I read a little on the Synergy site and it seems they claim you should be able to start getting by with just a very modest vocabulary (they even mention a rather specific number of words - 138). Have you had any practical experience yet conversing with Spanish speakers?


Duolingo is an ok way to learn vocabulary, but space repetition systems like Anki are probably a better way to go.

As for Spanish, I have been keeping track of my vocabulary and it is 203 words, so fairly small. I'm limited to simple, functional sentences and nothing very complex. Yet, I could say to my Venezuelan coworker a few simple sentences:

"Le gusteria trabajar con usted en un projecto." - I would like to work with you on a project.

"Tango que regresar a mi oficina pronto." I have to return to my office soon.

"En mis vacationes, voy a ir a Fiji por tres semanas." - "On my vacation I'm going to go to Fiji for 3 weeks

"Voy a estar aqui por dos meses antes de mis vacationes." I'm going to be here for two months before my vacation.

No rocket science, but way more functional than what I was learning from duolingo.
08-23-2015 04:20 PM
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MikeS Offline
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Post: #37
RE: Amazing Language Learning Tool - Duolingo.com
I'm currently using partially self compiled (from dictionaries) plain word lists of the most commonly used words - separate lists for verbs, nouns, adjectives, adverbs.

I also write sentences that make use of the words I find most difficult to memorize, as well as expose myself to the language through short texts (from news sites, downloaded movie subtitles etc.) and local TV. Plus what I hear around me of course - but with my local Bulgarian friends I have so far always taken the easy way out and fallen back on English, rather than attempting extremely basic conversations that would feel like pulling teeth. I'm not very patient with that outside of when I've set aside specific time for studying.

Aside from that I have a book that's teaching grammar and including some 40 conversations (text plus audio CDs) of increasingly complexity. But aside from doing a good job teaching the grammar, half way through the book the conversations ramp up severely in difficulty and I find that that it simply taxes my vocabulary memorization abilities too heavily.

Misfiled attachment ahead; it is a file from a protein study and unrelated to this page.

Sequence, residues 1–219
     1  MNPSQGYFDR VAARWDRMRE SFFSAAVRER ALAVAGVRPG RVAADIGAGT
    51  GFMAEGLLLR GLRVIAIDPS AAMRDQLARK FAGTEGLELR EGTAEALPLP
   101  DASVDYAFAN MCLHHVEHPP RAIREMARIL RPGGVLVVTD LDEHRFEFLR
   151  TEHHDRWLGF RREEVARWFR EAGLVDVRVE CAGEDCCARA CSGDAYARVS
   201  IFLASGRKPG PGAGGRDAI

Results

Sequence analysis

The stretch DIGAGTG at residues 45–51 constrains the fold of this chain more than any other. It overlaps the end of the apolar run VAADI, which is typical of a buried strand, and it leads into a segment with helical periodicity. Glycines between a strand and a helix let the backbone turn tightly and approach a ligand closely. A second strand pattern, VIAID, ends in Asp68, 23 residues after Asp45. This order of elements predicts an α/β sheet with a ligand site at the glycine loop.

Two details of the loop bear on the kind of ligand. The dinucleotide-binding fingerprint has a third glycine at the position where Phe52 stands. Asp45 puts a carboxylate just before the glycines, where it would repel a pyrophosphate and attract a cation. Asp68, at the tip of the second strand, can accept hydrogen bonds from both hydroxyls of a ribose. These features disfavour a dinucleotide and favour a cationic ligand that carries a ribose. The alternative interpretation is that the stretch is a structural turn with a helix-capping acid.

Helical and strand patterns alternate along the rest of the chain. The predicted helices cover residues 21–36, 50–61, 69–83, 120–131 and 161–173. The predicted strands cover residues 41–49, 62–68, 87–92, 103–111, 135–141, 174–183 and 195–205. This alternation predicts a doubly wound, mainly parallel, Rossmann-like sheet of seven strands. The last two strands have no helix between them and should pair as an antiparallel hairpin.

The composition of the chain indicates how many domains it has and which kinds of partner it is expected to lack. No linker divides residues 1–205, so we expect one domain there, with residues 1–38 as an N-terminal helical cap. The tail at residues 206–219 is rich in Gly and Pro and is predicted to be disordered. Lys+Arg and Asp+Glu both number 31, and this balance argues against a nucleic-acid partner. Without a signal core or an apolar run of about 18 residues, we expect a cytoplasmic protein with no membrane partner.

That's why I'm currently trying to work with shorter texts and word lists.

I've been fluent in English for many years (my native language is Danish), but the base for that fluency was acquired over many years through the old fashioned school system. And I honestly can't remember if it was as difficult for me back then to learn and retain vocabulary.
08-23-2015 04:40 PM
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Post: #38
RE: Amazing Language Learning Tool - Duolingo.com
A technique that has helped me, once I know a few basics at least, is to download video (say a movie scene) in the target language and play it through VLC player at a much slower speed than normal, but not so slow that the words are slurred. Then I try to create a transcript of the scene in the target language. I'll use a dictionary and search for words that I don't know how to spell, or am unsure of. Using this transcript, and the visuals, I then try to figure out what is being said. Lastly, I run the transcript through google translate and see what it comes up with.

But my focus at first is always understanding over talking. This is not the order that most language teachers like, but I know a couple of languages, and have realised that for the ones I don't know well I can understand what is being said much better than I can express myself in that language. And this is a pretty typical experience. To me this indicates that understanding comes before verbalisation, and therefore if I were to wait for communication to catch up to understanding I'd be wasting time.

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08-26-2015 11:58 AM
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cycl0ne Offline
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Post: #39
RE: Amazing Language Learning Tool - Duolingo.com
I've always found languages difficult. I've always been a science type of guy and I've found my main problem is trying to understand everything, hence hindering my progression with the foundation
08-26-2015 03:21 PM
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JeanLucPrickhard Offline